Kitchen knives have points to make cutting food in the kitchen easier. Tips are used by chefs when they quickly cut vegetables into a julienne shape and rock it back and forth. At home the points on kitchen knives are used to open packets, score meat, pricking sausages on the grill or even carving pumpkins.
Check out all of the ways that the point of your knife is used in cooking.
Kitchen knife point uses at home
The point of your knife has many uses from pricking sausages to opening oysters. Check out this list of the best things you can do with your knife tip in the kitchen.
1. Rocking to cut meat and vegetables
Chefs are taught to cut vegetables in a way where the knife is rocked back and forth up to or near the tip. This leads to fast, safe cutting in a consistent way. Using this method at home is also a great skill to learn.
Home cooks can use good quality knives to prepare their meal and take advantage of a good quality sharp blade with a good quality point.
Check out this video for a quick guide to safely cut vegetables using the tip rocking method.
2. Unwrapping packages
Most home cooks know how often we use knife tips to unwrap packages. Stabbing into plastic packets can sometimes be the quickest way to open things, but it really is a bad idea.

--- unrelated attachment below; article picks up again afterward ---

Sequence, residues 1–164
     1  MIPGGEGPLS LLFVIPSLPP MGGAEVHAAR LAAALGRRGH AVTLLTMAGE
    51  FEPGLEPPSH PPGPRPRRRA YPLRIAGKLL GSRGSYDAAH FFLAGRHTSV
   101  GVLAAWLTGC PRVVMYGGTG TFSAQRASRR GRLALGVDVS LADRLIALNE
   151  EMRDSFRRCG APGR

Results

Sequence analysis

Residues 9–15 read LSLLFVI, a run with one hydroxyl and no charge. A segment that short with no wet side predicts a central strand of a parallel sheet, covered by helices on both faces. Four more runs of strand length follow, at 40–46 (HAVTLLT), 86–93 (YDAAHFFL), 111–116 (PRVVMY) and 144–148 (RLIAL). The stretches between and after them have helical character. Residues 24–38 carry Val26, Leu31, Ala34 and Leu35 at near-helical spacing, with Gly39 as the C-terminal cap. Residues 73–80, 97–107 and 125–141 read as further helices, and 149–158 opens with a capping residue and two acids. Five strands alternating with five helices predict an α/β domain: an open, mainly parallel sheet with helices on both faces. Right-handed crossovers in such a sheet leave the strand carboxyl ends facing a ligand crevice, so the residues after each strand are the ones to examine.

Unwrapping packages with your knife tip can quickly blunt the tip and it quite unsafe. My favorite method that is much safer is to avoid using your knife to open packets.
Move to using some good quality kitchen scissors instead of your knife tips to open packets. This will save your knife tip and make it much safer.
3. Scoring meat
Knife tips are often used to score meat before cooking. Pork crackling is made by scoring the skin of the meat before cooking to allow it to crisp up and cook. Add some salt and there is your delicious family meal with the help of your knife tip.
Scoring other types of meat including fish and chicken with the tip of your kitchen knife will allow marinates, herbs and garlic to get into the meat and flavor it deeply. The knife tip helps to score the meat to allow it to take up the flavor.
4. Pricking sausages
Grilling sausages is a favorite summer past time and pricking them with a knife tip can be a necessary step. While many backyard chefs will allow good quality sausages to cook in their own juices without pricking, for others, pricking can allow excess oils to drip out and prevent a split or explosion.
Most sausages will generally need a single prick from a kitchen knife, but each chef will have their own approach.
5. Shucking oysters
Oyster shucking would be a very difficult process without a knife tip. Knives that are designed for oyster shucking are short, have a strong point and can pry open an oyster with ease. Oyster shucking would be very difficult to do without a knife point.
6. Carving pumpkins
The tradition of carving pumpkins is made possible by the knife tip. Removing the stem out then cutting a pattern would be difficult without a good quality knife tip. This tradition is a great one and makes fall a time to look forward to.
7. Cutting herbs